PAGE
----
Some reasons for the conflict
Dec 26, 1994 11:36 PM
by Eldon B. Tucker
This is by Eldon Tucker
I can appreciate the humor in your posting regarding
people not to pick an argument with. I'm not sure if being on
the list or being left off is the highest honor. With both
Brenda (my wife) and I on the list, I suppose that we should
beware of each other!
Paul Johnson & Liesel D.:
The open nature of our discussions invites conflict.
There's simply too much that we all have to say, and not all
of it is in agreement! I've had a number of conflicts with
others on theos-l myself, and have tried to respond as if the
other person wasn't angry. It was only a few months ago that
Paul and had an interchange over the nature and place of
history in Theosophy.
The more ideas and viewpoints that we express, the
greater the likelihood that someone will take offense and
respond with some ill-advised words.
We need a free marketplace of theosophical ideas, where
the better ideas tend to win out, and where the challenge is
to be clearer, more lucid, more compelling in our writings.
This approach is far better than trying to sway the minds and
hearts of people by discrediting their heros.
I can appreciate the different sides to the current
discussion. As a teenager, I read all Leadbeater's writings,
became vegetarian, joined the Adyar E.S. at 17, and wanted to
grow up like him. I even got books on the fourth dimension,
and thought about and drew various geometric figures trying to
understand it, because CLW had written that to do so helped
with developing psychic sight. But later in life, I started to
read Purucker and changed to embrace the Point Loma version of
Theosophy. I've also had exposure to statistics and empirical
research methods, and at one point in the early 70's did a
survey that detailed the differences in views between Point
Loma and Adyar views on Theosophy.
From my standpoint, the basic source of the conflict is
not in Leadbeater's character, but in the reliability of his
psychical investigations, and the philosophy that he taught.
In "How Theosophy Came to Me," Leadbeater explains that
he came to Theosophy through reading books of Sinnett. Those
books contained various errors that Blavatsky later corrected
in "The Secret Doctrine." Leadbeater thought he saw the things
that he read and expected to see, even though what he read
turned out later to be wrong.
Leadbeater was assisted in his writings. His personal
secretary, Ernest Wood, helped with book preparation. Wood
wrote, for instance, the three books "Talks on the Path of
Occultism" from lecture notes of CWL's and Annie Besant's.
CLW wrote books on Theosophy that strongly depended upon
his psychical observations. He liked to call his experiences
the result of "positive clairvoyance", as something good and
better than what most people experience; I'd tend to disagree
that there was any difference.
Leadbeater's associates like George Arundale, and
followers like Jinarajadasa, read his books, accepted what he
said, and either repeated their interpretation of the ideas,
or did their own psychical experimentation. Again they saw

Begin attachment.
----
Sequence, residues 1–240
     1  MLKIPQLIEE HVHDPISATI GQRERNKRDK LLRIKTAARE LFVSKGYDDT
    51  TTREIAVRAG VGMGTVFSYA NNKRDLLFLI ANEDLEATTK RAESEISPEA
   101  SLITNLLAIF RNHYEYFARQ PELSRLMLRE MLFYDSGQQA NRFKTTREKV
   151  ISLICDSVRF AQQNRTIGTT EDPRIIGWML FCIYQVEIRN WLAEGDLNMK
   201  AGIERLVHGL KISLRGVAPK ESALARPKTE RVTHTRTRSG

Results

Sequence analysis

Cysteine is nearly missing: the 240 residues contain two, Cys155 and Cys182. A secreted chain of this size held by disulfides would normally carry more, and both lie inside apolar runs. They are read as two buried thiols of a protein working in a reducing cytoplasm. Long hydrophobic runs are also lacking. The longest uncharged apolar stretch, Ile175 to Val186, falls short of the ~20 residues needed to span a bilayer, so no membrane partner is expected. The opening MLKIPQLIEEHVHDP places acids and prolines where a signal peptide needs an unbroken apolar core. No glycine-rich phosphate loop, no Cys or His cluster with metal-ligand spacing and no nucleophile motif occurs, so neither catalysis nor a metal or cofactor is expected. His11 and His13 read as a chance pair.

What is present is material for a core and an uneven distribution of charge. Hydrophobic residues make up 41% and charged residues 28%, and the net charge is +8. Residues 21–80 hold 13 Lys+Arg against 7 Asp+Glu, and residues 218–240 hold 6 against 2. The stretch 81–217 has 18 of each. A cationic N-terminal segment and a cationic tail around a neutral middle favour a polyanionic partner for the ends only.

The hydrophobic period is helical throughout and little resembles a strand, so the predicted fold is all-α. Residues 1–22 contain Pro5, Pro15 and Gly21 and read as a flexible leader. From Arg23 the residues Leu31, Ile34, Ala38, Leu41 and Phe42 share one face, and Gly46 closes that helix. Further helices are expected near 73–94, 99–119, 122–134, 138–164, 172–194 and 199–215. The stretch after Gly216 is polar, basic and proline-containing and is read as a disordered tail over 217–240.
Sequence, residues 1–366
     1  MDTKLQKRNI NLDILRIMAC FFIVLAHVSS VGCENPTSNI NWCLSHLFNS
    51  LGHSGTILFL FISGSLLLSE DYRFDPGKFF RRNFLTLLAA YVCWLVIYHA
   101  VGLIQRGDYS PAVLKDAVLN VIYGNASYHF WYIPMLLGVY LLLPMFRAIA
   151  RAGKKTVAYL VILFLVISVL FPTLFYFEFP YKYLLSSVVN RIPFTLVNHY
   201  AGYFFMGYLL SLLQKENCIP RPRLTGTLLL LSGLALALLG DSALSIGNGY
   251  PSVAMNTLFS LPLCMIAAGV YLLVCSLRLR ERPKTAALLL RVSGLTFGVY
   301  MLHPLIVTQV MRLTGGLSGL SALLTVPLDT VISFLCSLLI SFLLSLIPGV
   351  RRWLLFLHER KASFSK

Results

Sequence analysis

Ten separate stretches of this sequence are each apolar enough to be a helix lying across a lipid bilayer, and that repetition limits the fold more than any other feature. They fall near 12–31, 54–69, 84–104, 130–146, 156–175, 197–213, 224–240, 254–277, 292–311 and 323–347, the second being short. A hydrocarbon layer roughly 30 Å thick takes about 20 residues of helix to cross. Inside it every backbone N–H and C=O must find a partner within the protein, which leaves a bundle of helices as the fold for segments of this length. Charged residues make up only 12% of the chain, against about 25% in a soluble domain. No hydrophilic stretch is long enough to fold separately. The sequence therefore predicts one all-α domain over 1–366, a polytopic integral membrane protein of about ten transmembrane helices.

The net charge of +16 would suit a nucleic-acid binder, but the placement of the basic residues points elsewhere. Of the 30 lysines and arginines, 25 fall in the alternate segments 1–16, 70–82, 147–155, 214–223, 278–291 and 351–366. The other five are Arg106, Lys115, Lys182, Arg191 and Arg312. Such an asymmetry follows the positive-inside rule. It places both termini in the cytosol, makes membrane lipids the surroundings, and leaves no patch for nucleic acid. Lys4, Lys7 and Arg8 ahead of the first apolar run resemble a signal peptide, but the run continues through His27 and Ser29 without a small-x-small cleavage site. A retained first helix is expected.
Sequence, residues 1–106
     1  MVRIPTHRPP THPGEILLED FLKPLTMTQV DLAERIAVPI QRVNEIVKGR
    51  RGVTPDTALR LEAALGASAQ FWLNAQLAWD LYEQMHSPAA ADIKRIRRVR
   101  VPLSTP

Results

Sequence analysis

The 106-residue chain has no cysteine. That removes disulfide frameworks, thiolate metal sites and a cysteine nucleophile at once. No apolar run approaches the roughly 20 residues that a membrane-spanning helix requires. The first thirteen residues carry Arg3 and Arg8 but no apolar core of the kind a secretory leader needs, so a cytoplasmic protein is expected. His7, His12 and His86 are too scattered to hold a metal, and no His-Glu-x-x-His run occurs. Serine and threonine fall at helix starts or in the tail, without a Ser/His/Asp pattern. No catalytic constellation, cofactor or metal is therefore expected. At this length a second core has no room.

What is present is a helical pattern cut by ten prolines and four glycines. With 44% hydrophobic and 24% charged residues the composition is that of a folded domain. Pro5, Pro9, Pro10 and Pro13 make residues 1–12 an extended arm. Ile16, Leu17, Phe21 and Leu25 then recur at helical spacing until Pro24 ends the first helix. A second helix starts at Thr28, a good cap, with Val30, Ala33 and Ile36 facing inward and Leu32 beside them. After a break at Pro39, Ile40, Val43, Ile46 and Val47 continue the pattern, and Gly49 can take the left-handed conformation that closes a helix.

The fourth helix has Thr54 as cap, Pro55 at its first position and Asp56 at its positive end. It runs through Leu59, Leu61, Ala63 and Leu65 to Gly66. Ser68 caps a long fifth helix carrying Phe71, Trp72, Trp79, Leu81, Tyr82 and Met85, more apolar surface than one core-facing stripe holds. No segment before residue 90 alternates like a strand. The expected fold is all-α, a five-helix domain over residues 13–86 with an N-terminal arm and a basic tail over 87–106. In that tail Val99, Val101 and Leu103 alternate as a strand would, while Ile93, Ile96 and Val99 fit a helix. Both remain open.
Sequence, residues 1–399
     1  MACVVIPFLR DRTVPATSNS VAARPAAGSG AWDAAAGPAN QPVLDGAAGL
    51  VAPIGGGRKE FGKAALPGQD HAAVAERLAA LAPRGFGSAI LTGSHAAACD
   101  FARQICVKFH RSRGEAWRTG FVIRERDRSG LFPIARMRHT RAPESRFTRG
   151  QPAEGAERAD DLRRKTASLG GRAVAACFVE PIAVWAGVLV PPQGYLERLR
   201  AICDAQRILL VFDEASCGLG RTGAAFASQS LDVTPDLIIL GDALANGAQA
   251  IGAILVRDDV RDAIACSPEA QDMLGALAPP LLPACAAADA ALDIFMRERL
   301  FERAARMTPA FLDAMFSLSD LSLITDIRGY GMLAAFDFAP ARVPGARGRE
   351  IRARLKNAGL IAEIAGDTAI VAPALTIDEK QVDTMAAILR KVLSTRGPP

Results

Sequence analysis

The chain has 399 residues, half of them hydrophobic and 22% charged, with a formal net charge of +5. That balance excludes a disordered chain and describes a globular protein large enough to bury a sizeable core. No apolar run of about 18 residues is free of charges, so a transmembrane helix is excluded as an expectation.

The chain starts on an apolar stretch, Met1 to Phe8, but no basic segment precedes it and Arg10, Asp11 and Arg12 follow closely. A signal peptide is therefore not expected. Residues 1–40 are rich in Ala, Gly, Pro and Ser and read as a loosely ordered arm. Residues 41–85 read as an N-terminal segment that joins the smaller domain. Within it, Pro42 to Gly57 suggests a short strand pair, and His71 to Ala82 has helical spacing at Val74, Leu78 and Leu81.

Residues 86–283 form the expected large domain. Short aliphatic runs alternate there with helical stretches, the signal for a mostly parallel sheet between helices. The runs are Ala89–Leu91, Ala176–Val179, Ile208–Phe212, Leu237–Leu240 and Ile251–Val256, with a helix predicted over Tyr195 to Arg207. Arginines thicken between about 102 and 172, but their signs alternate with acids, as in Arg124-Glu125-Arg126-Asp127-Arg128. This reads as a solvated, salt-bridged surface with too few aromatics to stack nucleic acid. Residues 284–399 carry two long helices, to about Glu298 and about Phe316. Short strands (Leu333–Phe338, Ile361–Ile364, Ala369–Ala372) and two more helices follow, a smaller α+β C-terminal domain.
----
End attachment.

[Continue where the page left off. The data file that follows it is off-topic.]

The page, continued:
what they expected to see. A school of thought has arisen, and
it's not quite like the original Theosophy that we can read
about in "The Mahatma Letters." People of like belief
associated together, had similar psychic experiences, and
provided each other with external validation of their beliefs.
My experience with Leadbeater's writings was that after
I read them, there was nothing left to do. I could try to
become psychic like him, or start reading something else. I
almost got started on Alice Bailey's books--fortunately I met
Lina Psaltis and Ken Small and got introduced to Purucker
instead. Purucker's writings are special, but I won't try to
go into why at this time.
There are perhaps several dozen areas where we could
discuss philosophical differences. Some concern places we'll
never see or go to, like Mars and Mercury. Others concern
basic approaches to the Path. Like in Zen Buddhism, we are
taught to shut down psychic experiences as an early important
step of spiritual training, and to instead to awaken the
"mind's eye." And Leadbeater's version of the astral plane
looks more like the Spiritualist's than what we'd read about
in the early theosophical literature.
I would find the most fruitful discussions about
Leadbeater dealing with basic differences of philosophy, and
not worry too much--except in purely-historic discussions--
about the particular flaws of character that he or other
theosophical writers may have had.
When we find something that brings color to our faces,
and brings up our pulse rate, and makes us fighting mad, we'd
come to something that touches us in a fundamental way. True,
there are other ways to be deeply touched, but regardless of
the way, we have discovered something that is important to us
and we need to deal with. It's important to wait long enough
so that when we respond, it's us talking, and not our anger
that speaks. We've found an important area to spend our useful
energy on, and we should put it to its best use.
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